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How to Prune a Hypericum Hidcote

By Thomas Charles
Hypericum Hidcote is known for its showy, long-lasting yellow flowers.
hypericum calycinum image by Annett Goebel from Fotolia.com

Hypericum Hidcote (St. John's wort) is a deciduous shrub that grows two to five feet tall in USDA Zones 5 to 9. It provides saucer-like yellow flowers in the summer on new growth and can be drastically pruned back almost to the ground in March or April.

Put on gloves. Pruning Hypericum Hidcote is a process of cutting and removing branches from the plant.

Cut branches with hand shears, pruning back to within a few inches of the ground. Hand shears can be used on any branch up to the size of your little finger.

Cut branches with loppers for any branch that cannot be cut with hand shears, up to two inches thick. Hidcote shrubs in USDA zones 5 and 6 usually freeze back to the base in the winter, and thick branches are more likely in warmer zones that do not have annual winter kills.

Cut branches with a pruning saw for any branch larger than two inches thick. Pruning saws are not usually required to prune Hypericum Hidcote, unless this shrub is more of a reclamation project for a plant that has not seen pruning in years.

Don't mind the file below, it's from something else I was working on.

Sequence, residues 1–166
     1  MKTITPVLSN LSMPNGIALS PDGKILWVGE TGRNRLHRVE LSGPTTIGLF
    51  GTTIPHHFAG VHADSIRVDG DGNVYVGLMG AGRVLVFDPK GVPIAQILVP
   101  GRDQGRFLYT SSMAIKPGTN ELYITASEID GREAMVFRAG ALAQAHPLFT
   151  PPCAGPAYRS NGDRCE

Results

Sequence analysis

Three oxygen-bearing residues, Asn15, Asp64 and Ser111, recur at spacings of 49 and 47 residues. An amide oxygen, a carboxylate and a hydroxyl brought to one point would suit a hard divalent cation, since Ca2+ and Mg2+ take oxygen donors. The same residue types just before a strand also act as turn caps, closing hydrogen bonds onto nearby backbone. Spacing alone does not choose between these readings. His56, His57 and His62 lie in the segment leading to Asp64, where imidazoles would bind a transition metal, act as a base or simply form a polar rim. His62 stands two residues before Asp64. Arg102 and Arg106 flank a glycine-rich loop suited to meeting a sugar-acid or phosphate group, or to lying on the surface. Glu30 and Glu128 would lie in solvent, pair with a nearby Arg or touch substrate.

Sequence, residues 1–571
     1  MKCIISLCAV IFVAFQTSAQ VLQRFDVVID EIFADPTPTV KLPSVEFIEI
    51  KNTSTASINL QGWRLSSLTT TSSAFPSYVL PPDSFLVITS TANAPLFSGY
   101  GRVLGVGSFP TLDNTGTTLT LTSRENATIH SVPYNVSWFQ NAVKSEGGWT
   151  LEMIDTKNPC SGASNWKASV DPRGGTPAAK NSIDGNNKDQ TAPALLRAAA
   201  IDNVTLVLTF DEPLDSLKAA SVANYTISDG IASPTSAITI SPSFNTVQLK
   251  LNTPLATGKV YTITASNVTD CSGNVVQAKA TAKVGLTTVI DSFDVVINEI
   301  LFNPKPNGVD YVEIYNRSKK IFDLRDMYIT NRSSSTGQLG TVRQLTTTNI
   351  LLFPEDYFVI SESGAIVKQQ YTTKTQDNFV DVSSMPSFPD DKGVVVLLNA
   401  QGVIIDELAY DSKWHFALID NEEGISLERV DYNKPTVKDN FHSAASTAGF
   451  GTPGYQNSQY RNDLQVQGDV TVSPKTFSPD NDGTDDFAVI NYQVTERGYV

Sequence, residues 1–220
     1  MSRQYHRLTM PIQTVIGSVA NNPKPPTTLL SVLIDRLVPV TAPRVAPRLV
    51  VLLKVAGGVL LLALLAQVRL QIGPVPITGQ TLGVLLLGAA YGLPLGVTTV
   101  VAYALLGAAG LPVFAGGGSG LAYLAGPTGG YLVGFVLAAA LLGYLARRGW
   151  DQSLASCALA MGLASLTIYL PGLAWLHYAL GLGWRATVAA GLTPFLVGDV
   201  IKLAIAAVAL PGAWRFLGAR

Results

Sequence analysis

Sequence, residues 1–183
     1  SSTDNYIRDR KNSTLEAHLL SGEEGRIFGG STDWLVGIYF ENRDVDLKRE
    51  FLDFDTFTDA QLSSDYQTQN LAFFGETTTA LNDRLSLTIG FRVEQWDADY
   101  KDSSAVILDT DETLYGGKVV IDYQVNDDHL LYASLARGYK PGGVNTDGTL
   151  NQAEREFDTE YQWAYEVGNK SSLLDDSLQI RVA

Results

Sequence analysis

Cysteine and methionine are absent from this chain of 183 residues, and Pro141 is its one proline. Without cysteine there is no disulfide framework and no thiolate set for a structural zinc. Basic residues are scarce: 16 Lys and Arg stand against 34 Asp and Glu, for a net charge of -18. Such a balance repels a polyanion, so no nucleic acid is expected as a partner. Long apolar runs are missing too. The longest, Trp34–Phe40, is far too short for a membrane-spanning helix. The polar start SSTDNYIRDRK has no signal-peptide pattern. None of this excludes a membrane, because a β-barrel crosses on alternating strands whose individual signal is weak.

Clean cutting area of debris and dispose of it properly.


Things You Will Need

  • Gloves
  • Hand pruners
  • Loppers (depending on size of branches)
  • Pruning saw (depending on size of branches)


  • Place the pruned shrub pieces on a tarp, if one is available. Having all the pieces on a tarp makes it easier to bundle up the cutting pile and move it once the pruning is finished.
  • Prune all shoots, not just some, to get maximum new growth and the maximum number of flowers.
  • Pruning can be delayed until May, but flowers will be fewer and bloom later in the summer.
  • Hypericum Hidcote is a member of the St. John's wort group of plants, but is not the St. John's wort that has been noted to have medical properties.


  • Inspect the ground around the pruning area. Since Hypericum Hidcote is pruned back to the base, check for animals, snakes, ant mounds, poison ivy and any other hazard that may have taken up residence since the last pruning.

About the Author


Austin resident Thomas Charles has written professionally for more than 30 years, first as a daily newspaper reporter, more recently online with SEO content, consumer and high tech marketing, public relations and grant campaigns. He holds a journalism and law degree from the University of Texas.